The bill would also change laws regarding housing infrastructure bonds. It would expand the list of bond usage for acquisition, rehabilitation and construction of housing affordable to households at or below 50% of the area median income with a priority on projects for households below 30%. Up to 20% of units funded by the bonds in senior housing would be required to serve individuals of any age with intellectual or developmental disabilities. Housing funded by the bonds with more than four units would be required to include physical and sensory units.

Renter protections are included, such as a provision to adopt a heat code of 68 degrees, have certain landlord entry restrictions, prohibit source of income discrimination and make changes to pre-eviction notice requirements and eviction expungements.

Testifying on behalf of Minnesota Housing, the agency’s assistant commissioner for policy and community development, Ryan Baumtrog, praised the bill while adding that more down payment assistance is needed.

“We know that the state housing crisis requires consistent, ongoing and higher levels of funding and I think that’s represented well in the House’s position,” Baumtrog said. “Overall, the funding levels, in many cases, are at the governor’s funding levels or exceed. Would note that a number, the majority, of the governor’s recommendations and specific programs are funded either in whole or partially. Just want to acknowledge and appreciate the house’s commitment to those programs.”

The Senate’s omnibus housing bill, SF3994, sponsored by Sen. Rich Draheim (R-Madison Lake), was folded into the omnibus agriculture bill, SF4019, in the Senate Finance Committee and is headed to the Senate Floor.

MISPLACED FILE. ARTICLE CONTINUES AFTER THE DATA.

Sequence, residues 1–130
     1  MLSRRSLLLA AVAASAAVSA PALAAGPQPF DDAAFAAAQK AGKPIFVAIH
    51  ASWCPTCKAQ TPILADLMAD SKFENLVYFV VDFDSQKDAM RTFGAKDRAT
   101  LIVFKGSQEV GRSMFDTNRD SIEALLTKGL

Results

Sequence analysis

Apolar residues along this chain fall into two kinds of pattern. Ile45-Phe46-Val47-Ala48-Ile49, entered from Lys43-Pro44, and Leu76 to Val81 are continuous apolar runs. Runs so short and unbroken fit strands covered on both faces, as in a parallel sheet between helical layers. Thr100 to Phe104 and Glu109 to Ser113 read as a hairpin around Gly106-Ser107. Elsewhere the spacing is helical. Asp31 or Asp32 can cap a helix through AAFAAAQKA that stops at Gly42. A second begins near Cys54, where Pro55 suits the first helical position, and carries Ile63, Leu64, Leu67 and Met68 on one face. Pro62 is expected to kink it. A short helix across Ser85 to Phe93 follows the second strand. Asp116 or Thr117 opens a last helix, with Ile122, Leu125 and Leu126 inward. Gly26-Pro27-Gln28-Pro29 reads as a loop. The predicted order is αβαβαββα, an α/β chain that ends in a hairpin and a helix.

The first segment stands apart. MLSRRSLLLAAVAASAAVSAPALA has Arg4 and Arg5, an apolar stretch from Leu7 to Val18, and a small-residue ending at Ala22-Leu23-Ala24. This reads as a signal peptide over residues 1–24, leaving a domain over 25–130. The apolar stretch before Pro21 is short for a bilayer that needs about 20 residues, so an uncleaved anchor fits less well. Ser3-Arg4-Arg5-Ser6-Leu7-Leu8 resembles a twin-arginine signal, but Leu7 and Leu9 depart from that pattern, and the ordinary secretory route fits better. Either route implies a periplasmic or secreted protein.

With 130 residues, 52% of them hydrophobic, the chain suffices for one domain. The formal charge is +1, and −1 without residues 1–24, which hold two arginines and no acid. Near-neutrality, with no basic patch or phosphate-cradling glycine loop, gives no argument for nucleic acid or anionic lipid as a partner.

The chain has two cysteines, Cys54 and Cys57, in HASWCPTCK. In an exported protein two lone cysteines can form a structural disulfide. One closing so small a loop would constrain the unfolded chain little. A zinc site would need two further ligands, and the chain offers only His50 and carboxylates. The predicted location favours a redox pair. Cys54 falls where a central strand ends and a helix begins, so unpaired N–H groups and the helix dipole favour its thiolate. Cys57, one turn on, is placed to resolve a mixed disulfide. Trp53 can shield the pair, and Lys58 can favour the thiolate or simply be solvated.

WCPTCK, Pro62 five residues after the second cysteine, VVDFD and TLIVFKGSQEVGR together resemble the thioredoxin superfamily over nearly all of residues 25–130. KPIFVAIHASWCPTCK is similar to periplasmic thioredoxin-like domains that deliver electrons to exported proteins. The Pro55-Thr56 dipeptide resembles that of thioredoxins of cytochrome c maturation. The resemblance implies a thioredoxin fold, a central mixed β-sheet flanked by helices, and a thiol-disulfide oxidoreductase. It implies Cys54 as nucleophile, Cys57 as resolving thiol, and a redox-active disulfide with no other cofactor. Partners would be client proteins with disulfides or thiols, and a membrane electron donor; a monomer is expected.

What’s in the bill?

The following are select bills incorporated in part or in whole into the omnibus housing bill:

House’s Omnibus Tax Bill Proposes $1.6 Billion in Tax Cuts and Credits

There will be cuts.

The omnibus tax bill presented to the House Taxes Committee on Tuesday does make significant tax cuts in dozens of areas, which has been a hot topic around the Capitol this session. Whether it has as many as desired by many legislators remains to be seen.

But HF3669, as replaced by a delete-all amendment, would result in $1.6 billion in tax reductions and credits in the 2022-23 biennium, according to the Department of Revenue. Sponsored by Rep. Paul Marquart (DFL-Dilworth), the bill was introduced and given a walkthrough Tuesday, with public testimony planned for Wednesday and amendments considered Thursday.

Total General Fund tax revenue collected after the tax code changes made in the bill is estimated to be $54.6 billion in the 2022-23 biennium, with aids, credits and property tax refunds returned to taxpayers expected to be about $4.2 billion.

“There’s nothing in the tax bill that I heard widespread objections on,” Marquart said. “It certainly is a bipartisan bill. I think there are about 20 GOP provisions in the bill, which I think is very important.

“One of the committee’s goals was how could we really make a difference in people’s lives, and improve the quality of life for our families, our workers, our senior citizens? We also talked a lot about the recovery and rebuilding from COVID-19. How we can address the workforce shortage? And I think you’ll find that all of those goals were met.”

Here are some of the biggest changes to state tax law in the bill:

If you’re a renter: The renter’s credit would be converted into a refundable income tax credit, effective for 2022 refunds. The measure of income used to calculate the credit would be simplified, and, as a result of the conversion, renters would claim the credit as part of their individual income tax return — which is generally due April 15 — with refunds paid out on the same schedule as other income tax refunds. The Department of Revenue estimates that the change would decrease General Fund revenue by $372.6 million in fiscal year 2023, the single largest fiscal impact in the bill. The bill would also establish a local affordable housing aid to be administered by counties.